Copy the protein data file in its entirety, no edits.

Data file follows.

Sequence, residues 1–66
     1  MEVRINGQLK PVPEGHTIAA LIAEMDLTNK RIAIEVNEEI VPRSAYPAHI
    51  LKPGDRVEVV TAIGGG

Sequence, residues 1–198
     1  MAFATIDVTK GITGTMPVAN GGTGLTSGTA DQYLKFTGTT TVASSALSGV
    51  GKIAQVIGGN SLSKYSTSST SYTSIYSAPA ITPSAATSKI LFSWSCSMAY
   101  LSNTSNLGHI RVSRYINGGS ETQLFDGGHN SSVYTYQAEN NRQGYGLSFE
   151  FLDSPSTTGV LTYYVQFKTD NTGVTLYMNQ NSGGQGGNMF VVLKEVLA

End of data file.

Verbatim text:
Sequence, residues 1–66
     1  MEVRINGQLK PVPEGHTIAA LIAEMDLTNK RIAIEVNEEI VPRSAYPAHI
    51  LKPGDRVEVV TAIGGG

Sequence, residues 1–198
     1  MAFATIDVTK GITGTMPVAN GGTGLTSGTA DQYLKFTGTT TVASSALSGV
    51  GKIAQVIGGN SLSKYSTSST SYTSIYSAPA ITPSAATSKI LFSWSCSMAY
   101  LSNTSNLGHI RVSRYINGGS ETQLFDGGHN SSVYTYQAEN NRQGYGLSFE
   151  FLDSPSTTGV LTYYVQFKTD NTGVTLYMNQ NSGGQGGNMF VVLKEVLA